A few remarks on design and other factors:

* The new range objects have been implemented as final classes for speed purposes. However, I tried another approach where the RNG
     class templates were abstract classes, and the individual
     parameterizations were final-class subclasses of those rather
than aliases. This was noticeably slower. My OO-fu is not really sufficient to explain this, so if anybody can offer a reason, I'd
     be happy to learn it.

* A design question I considered but have not yet pursued: since at least two functions require passing the RNG as the first parameter (dice and discreteDistribution), perhaps this should be made a general design pattern for everything? It would make it harder to adapt code using the existing std.random but would create a useful

* I would have liked to ensure that every random distribution had both a range- and function-based version. However, I came to the conclusion that solely function-based versions should be avoided if either (i) the function would need to maintain internal state between calls, or (ii) the function would need to allocate memory per call. The first is why for example NormalDistribution exists only as a class/range. The second might in principle raise some objections to dice, but as dice seems to be a reasonably standard
     function, I kept it in.

* It might be good to implement helper functions for the individual RNGs (e.g. just as RandomSample has a randomSample helper function
     to deliver instances, so Mt19937 could have a corresponding
mt19937 helper function returning Mt19937 instances seeded in line
     with helper function parameters).

* Those with long memories may recall that when I originally wrote up my NormalDistribution code, it was written to allow various "normal engines" to be plugged in; mine was Box-Muller, but jerro also contributed a Ziggurat-based engine. This could still be provided here, although my own inclination is that it's probably best for Phobos to provide one single good-for-general-purpose-use

Known issues:

* While every bugfix I've made in the course of implementing this package has been propagated back to std.random where possible, this package is missing some of the more recent improvements to std.random by other people (e.g. I think it's missing Chris Cain's
     update to integer-based uniform()).

* The unittest coverage is overall pretty damn good, but there are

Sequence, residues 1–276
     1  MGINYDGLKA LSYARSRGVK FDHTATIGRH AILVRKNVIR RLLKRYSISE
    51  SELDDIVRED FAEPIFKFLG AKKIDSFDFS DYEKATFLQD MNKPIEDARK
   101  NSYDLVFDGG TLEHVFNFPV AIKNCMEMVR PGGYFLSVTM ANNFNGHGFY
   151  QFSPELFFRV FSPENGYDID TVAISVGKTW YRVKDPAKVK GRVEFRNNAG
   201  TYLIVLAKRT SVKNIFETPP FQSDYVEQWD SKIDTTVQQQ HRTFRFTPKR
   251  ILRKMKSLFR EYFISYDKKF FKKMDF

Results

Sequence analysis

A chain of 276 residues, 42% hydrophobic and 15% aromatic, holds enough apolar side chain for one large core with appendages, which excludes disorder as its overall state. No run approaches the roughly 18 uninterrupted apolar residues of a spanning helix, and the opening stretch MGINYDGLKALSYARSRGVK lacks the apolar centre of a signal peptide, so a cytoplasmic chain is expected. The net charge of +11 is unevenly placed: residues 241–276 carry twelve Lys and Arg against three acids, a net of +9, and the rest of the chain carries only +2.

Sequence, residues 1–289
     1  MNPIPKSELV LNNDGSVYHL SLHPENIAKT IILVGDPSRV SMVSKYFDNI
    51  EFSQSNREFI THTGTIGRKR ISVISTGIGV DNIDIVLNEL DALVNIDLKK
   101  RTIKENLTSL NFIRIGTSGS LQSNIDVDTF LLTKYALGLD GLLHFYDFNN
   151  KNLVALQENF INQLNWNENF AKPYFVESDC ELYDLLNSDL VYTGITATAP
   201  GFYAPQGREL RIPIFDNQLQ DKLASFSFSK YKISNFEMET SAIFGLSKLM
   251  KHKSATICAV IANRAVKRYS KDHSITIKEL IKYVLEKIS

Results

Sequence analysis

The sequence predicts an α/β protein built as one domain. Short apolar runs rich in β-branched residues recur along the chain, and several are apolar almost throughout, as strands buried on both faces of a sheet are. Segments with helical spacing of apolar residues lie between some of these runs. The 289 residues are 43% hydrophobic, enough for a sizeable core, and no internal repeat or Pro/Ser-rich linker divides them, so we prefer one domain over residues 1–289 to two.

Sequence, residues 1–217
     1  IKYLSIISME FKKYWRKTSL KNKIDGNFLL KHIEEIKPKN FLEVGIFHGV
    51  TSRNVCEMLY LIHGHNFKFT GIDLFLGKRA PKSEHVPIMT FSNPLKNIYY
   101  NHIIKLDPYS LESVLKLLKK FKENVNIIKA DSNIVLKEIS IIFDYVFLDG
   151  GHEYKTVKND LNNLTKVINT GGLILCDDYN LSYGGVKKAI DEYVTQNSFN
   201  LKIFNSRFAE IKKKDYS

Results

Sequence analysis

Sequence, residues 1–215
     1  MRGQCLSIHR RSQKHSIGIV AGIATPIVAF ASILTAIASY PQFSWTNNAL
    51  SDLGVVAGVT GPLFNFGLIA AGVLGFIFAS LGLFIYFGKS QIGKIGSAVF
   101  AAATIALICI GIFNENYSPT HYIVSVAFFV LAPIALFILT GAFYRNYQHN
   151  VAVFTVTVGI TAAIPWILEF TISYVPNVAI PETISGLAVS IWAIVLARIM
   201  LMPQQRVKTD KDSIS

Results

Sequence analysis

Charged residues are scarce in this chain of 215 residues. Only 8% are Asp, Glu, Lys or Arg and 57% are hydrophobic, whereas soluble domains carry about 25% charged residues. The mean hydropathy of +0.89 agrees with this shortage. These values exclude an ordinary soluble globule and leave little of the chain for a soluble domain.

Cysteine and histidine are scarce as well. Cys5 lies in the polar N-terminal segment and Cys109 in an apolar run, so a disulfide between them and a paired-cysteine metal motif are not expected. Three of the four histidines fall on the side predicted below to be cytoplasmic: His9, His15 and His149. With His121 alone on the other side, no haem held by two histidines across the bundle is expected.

weak spots in std.random.distribution and std.random2.device.
     Some of the "unittests" in these cases are no more than basic
developer sanity checks that print results to console, and need to be replaced by well-defined, silent-unless-failed alternatives.

* Some of the .save functions are implemented with the help of rather odd private constructors; it would probably be much better to redo
     these in terms of public this(typeof(this)) constructors.

* The random devices _really_ need to be better. Consider the current
     versions as placeholders ... :-)

Finally, a note on authorship: since this is still based very substantially on std.random, I've made an effort to check git logs and ensure that authors and copyright records (and dates of contribution) are correct. My general principle here has been that listed authors should only include those who've made a substantial contribution (i.e. whole functions, large numbers of unittests, ...), not just various 1-line tweaks. But if anyone has any objection to any of the names, dates or other credits given, or if anybody would like their name removed (!), just let me know.

I owe a great debt of gratitude to many people here on the forums, and monarch_dodra in particular, for a huge amount of useful discussion, advice and feedback that has made its way into the current code. Thank you all for your time, thoughts, ideas and patience.

Anyway, please feel free to review, destroy and otherwise do fun stuff with this module. I hope that some of you will find it immediately useful, but please note that feedback and advice may result in breaking changes -- this is intended to wind up in Phobos, so it really needs to be perfect when it does so. Let's review it really well and make it happen!

Thanks and best wishes,

    -- Joe